CHICAGO (TheBlaze/AP) — Unexplained rash? Check your iPad. It turns out the popular tablet computer may contain nickel, one of the most common allergy-inducing metals — and it’s not the only tech device to see this issue either.

Devices containing nickel are causing allergic reactions in some users. There has been an increase in nickel sensitivity in recent years as well. (Photo credit: Shutterstock)

Devices containing nickel are causing allergic reactions in some users. Evidence suggests there has been an increase in nickel sensitivity in recent years as well. (Photo credit: Shutterstock)

Recent reports in medical journals detail nickel allergies from a variety of personal electronic devices, including laptops and cellphones. But it was an Apple iPad that caused an itchy body rash in an 11-year-old boy recently treated at a San Diego hospital, according to a report in Monday’s issue of the journal Pediatrics.

Nickel rashes aren’t life-threatening but they can be very uncomfortable, and they may require treatment with steroids and antibiotics if the skin eruptions become infected, said Dr. Sharon Jacob, a dermatologist at Rady Children’s Hospital, where the boy was treated. Jacob said the young patient had to miss school because of the rash.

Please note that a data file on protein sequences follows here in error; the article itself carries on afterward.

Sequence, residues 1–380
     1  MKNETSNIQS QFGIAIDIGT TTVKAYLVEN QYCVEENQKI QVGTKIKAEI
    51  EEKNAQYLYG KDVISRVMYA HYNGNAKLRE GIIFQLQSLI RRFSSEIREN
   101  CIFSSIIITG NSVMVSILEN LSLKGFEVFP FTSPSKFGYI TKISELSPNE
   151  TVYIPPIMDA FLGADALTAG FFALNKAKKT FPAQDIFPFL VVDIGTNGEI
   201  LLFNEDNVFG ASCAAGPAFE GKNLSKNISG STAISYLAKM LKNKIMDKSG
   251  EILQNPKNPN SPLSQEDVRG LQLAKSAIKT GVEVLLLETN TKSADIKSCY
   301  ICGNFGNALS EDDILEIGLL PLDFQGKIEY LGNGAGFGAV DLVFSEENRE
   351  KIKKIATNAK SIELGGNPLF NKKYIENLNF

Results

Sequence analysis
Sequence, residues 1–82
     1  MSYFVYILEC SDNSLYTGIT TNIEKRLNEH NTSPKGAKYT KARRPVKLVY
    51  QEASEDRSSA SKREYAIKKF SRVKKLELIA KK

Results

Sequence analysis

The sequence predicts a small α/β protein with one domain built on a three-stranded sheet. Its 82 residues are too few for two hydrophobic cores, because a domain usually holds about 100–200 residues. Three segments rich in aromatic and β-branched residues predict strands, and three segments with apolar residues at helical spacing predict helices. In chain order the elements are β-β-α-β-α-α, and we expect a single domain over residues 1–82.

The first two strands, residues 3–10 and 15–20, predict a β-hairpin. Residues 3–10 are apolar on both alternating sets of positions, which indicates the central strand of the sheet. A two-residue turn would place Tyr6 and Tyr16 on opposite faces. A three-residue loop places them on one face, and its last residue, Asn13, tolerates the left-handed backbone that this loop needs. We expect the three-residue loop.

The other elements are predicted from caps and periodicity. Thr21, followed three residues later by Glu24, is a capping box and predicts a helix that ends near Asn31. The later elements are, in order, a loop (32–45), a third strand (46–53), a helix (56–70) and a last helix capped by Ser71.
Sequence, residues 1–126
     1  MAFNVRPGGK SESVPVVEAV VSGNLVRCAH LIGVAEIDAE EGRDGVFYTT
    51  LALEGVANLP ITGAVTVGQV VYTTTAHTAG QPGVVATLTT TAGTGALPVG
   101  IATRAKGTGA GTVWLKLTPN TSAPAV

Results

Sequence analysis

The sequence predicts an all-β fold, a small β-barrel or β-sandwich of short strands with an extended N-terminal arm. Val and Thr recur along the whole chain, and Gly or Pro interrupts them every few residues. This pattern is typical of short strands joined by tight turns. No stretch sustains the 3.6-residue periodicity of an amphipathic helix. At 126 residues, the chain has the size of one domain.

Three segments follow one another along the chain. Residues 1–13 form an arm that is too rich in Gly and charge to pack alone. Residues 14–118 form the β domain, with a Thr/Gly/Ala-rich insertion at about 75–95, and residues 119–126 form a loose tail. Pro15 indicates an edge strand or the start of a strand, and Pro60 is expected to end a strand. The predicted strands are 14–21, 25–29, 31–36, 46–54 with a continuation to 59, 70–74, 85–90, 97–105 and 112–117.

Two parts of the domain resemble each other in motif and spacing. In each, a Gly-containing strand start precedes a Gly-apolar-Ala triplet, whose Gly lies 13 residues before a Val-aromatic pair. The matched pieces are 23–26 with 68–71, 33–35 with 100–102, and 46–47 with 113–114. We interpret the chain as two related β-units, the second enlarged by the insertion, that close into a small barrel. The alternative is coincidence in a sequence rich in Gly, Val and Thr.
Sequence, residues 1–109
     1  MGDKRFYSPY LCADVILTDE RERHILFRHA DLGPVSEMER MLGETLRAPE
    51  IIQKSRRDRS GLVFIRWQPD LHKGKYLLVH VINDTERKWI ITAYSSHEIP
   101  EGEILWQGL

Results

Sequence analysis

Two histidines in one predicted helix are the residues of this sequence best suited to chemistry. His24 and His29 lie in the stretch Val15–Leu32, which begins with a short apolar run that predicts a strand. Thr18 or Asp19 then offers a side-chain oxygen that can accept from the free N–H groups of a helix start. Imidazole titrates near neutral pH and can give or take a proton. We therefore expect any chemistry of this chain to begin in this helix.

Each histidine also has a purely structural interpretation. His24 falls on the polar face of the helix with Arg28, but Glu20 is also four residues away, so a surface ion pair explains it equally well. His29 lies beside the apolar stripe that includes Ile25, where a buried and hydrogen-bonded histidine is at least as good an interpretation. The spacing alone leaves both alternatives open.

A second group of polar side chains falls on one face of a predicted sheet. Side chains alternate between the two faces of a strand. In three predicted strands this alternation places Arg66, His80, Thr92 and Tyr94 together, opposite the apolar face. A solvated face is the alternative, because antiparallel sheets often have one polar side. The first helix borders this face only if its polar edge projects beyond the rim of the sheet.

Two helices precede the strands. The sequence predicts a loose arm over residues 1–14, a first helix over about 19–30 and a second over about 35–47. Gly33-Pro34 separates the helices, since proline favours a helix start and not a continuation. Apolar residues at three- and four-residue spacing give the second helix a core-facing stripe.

The boy had a common skin condition that causes scaly patches, but he developed a different rash all over his body that didn’t respond to usual treatment. Skin testing showed he had a nickel allergy, and doctors traced it to an iPad his family had bought in 2010.

Doctors tested the device and detected a chemical compound found in nickel in the iPad’s outside coating.

“He used the iPad daily,” she said.

He got better after putting it in a protective case, she said

Whether all iPad models and other Apple devices contain nickel is uncertain; Apple spokesman Chris Gaither said the company had no comment.

Nickel rashes also have been traced to other common products including some jewelry, eyeglass frames and zippers. Earlier this year, FitBit recalled its wrist-worn device due to reported rashes.

“Some users may be reacting to the nickel present in the surgical grade stainless steel used in the device,” FitBit CEO James Park wrote on the site in February at the time of the voluntary recall. “Other users are likely experiencing an allergic reaction to the materials used in the strap or the adhesives used to assemble the product.”

Jacob, a co-author on the recent report about such rashes, said evidence suggests nickel allergies are become more common, or increasingly recognized. She cited national data showing that about 25 percent of children who get skin tests for allergies have nickel allergies, versus about 17 percent a decade ago.

She said doctors need to consider electronic devices as potential sources when patients seek treatment for skin rashes.

Front page image Bloom Design/Shutterstock.